The Seasons of Argonia
By Jekka-Wass Paxalt, Keeper of the Xinchei-Konu
Time is immutable. An engine that drives the will of change, inevitable, primordial. An ever-moving force in an ever-constant cycle. To mark the progression of that change is a thing most sacred to the Saxhleel. Each month marks a particular aspect of the yearly cycle, and is thus celebrated accordingly. The months and their respective meanings are as follows:
As the first month of the cycle, Vakka is associated with the primordial origin of existence, or origins in general. We are encouraged to show extra respect to the tribal elders during this time.
Also known as the hiding time, Xeech is a month of planting both seeds and ideals. Swamp bulbs are buried, planting sprouts. Elders pass down their knowledge, implanting knowledge. This is a time of hope, but also of melancholy. It is the first of the Three Mournings, for once a thing it is planted, it is hidden and gone. What emerges will not be something new: the nut is lost forever.
Sisei stands for newness, possibility, and youthful excitement. The Hist has shed its sleeping life and now is truly alive. Many hatchling festivals take place during this time. It is also known as the "leaping season," for this month is also full of sport and competition. The virtues of strength, speed, and willpower are all venerated and celebrated.
Hist-Deek (Hist Sapling)
Hist-Deek is, for good or ill, dedicated to the challenge of authority and the power of individual agency. Many use this month to highlight injustices, with intra-tribal conflict often resulting. Needless to say, it is a very controversial time. Many also take this time to analyze their agency apart from the Hist; to reflect upon our worship, and see it as bond rather than bondage.
Hist-Dooka (Mature Hist)
Serving as the counter-balance to the turbulent Hist-Deek, the Hist-Dooka is centered on the ideas of family, tradition, and obligation. Young Saxhleel are given more responsibility, and many adolescents take on the Chukka-Sei, a trial of maturation, to prove themselves worthy of being called an adult. Those who pass the trials are gain full tribal membership, and the month typically ends with a great celebration.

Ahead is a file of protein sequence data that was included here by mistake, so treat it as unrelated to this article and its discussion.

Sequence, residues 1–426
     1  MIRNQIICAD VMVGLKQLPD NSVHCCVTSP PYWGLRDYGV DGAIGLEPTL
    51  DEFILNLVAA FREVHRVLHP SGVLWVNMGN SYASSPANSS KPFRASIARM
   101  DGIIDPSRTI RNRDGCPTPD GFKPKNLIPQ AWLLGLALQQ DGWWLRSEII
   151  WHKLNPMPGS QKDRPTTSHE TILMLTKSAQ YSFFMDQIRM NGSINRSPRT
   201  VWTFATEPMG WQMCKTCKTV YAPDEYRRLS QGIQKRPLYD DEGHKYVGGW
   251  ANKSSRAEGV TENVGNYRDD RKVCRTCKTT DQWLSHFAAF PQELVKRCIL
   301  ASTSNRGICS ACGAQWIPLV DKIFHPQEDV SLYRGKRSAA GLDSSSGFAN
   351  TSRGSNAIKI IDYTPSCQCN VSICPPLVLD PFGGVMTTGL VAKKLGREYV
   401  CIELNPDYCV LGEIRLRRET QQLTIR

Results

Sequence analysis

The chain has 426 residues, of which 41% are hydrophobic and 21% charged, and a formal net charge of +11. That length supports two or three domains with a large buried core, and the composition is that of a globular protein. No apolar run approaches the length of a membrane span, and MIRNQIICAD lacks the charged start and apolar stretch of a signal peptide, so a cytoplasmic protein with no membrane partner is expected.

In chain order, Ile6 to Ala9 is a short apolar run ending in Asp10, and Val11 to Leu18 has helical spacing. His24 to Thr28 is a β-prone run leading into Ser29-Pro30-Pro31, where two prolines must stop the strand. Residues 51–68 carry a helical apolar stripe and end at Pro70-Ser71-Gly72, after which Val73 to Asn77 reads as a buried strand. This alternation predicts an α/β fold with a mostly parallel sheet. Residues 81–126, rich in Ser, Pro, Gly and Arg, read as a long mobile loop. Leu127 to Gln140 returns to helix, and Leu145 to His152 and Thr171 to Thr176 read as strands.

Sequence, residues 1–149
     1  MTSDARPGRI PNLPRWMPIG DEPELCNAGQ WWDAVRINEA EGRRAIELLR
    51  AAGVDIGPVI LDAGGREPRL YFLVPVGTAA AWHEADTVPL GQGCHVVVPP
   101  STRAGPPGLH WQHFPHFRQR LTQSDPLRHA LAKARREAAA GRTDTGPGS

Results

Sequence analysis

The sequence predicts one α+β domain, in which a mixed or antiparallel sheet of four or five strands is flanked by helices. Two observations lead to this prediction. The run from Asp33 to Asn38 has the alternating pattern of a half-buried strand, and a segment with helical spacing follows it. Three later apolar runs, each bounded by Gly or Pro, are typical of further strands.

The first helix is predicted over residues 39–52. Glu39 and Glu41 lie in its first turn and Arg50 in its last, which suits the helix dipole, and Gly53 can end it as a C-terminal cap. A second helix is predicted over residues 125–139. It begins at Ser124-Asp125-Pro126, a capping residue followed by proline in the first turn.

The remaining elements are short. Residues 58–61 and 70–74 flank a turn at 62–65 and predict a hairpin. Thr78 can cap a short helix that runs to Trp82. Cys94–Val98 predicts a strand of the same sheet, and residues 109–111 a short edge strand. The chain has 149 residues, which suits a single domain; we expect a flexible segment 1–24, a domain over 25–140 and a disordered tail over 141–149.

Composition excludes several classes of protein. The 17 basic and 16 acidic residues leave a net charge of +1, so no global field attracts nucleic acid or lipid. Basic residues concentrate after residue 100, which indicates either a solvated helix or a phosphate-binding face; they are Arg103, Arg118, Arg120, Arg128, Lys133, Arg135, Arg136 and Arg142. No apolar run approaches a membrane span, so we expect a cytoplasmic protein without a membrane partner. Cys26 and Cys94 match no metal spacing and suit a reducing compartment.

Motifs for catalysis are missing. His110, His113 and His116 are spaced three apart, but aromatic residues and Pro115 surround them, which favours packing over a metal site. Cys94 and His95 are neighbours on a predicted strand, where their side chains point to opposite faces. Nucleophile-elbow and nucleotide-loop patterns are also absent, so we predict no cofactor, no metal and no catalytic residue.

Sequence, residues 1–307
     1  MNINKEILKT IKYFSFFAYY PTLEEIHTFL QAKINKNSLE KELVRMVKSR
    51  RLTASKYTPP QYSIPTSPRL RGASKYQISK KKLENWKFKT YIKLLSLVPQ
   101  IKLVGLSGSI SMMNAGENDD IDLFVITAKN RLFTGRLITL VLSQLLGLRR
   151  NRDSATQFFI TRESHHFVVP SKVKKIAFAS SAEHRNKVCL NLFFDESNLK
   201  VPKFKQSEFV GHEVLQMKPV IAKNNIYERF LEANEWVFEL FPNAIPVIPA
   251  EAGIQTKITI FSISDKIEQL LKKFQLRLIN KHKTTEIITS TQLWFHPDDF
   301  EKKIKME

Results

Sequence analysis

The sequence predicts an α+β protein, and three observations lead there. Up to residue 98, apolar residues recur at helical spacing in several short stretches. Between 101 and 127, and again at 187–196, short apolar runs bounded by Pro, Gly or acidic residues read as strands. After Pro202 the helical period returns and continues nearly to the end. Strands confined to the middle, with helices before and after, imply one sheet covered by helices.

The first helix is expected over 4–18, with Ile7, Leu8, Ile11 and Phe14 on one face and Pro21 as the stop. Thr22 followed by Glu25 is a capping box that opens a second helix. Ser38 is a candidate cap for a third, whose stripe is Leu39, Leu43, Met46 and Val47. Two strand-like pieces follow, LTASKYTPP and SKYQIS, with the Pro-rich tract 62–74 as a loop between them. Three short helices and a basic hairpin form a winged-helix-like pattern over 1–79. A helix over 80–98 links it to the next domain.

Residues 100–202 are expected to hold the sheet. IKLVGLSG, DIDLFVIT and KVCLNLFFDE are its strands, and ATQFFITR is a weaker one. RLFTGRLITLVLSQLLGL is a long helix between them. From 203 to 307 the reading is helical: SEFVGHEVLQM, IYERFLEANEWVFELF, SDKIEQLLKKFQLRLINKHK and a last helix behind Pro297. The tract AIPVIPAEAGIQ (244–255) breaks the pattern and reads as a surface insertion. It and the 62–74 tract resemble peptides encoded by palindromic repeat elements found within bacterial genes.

Hist-Tsoko (Elder Hist)
Perhaps the holiest month of the year, Hist-Tsoko is dedicated to the ideas of knowledge, wisdom, and fullness of potential. Many gatherings this month are solemn affairs, the most important being the Root Talk, where the tribal elders recite the history of the Saxhleel. This month also stands as the Second Mourning, due to the fact that the Hist has stopped growing and all of its individual potential is expended.
Thtithil-Gah is a month of foolishness and frivolity, often a welcome respite from the oppressive solemnity of the Hist-Tsoko. Hatchling-like wonder, youthful joy, and mild confusion are all venerated. Many traveling entertaining troupes make the majority of their profit during this time. Festivals and feasts are nearly constant.
The Egg month is associated with mystery, anticipation, and (perhaps oddly) finality. For most tribes, the connection is literal; much egg-laying takes place during this month.
The lizard symbolizes swift and quiet labor. Nushmeeko celebrates the thankless tasks of everyday life, and work is near constant. Cleaning, building, repairing, and preparing; every member of the tribe puts their snout to the grindstone and pushes.
Shaja-Nushmeeko (Semi-Humanoid Lizard)
This month, like Hist-Deek earlier, is another of mystery and debate. There is significant controversy about what the humanoid-lizard actually represents. Is it a hatchling emerged from the egg, or a representation of our cultural origins? Unifying concepts such as change, becoming, and shifting values are all contemplated. Appropriately, many adolescent gatherings take place during this time, resulting in various romantic entanglements. The awkwardness of youth is often associated with this month.
Saxhleel is a month associated with the true passions of our culture. Given that the hunting and harvesting season has passed, tribe members are free to focus on pursuits such as pottery, woodcarving, and other creative pastimes. A sense of things coming to a close is pervasive, and in many tribes there is a large gathering of elders at the end of this month. The intent of the festival is to prepare both our elders and community for the impending deaths to come. Dryskins often find this a morbid tradition.
Xulomaht (The Deceased)
Like many traditions, Xulomaht is a month of apparently conflicting ideas. It is associated with the Third Mourning, the most powerful of the three given the literal ending of the year. Tribes look back on the events of the year and come to terms with its passing. However, it is also a time of celebration and remembrances. Great festivals are held in honor of all who have passed from their old life and into a new one. Much of the month is spent planning and preparing for these festivities.